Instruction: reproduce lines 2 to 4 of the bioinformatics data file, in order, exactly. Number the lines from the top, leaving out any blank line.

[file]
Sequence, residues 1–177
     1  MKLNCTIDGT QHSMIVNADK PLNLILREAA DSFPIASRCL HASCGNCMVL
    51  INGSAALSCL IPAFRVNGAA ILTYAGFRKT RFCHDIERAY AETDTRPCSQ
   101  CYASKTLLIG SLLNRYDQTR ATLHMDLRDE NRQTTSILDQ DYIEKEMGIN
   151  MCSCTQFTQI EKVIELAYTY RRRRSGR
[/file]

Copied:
     1  MKLNCTIDGT QHSMIVNADK PLNLILREAA DSFPIASRCL HASCGNCMVL
    51  INGSAALSCL IPAFRVNGAA ILTYAGFRKT RFCHDIERAY AETDTRPCSQ
   101  CYASKTLLIG SLLNRYDQTR ATLHMDLRDE NRQTTSILDQ DYIEKEMGIN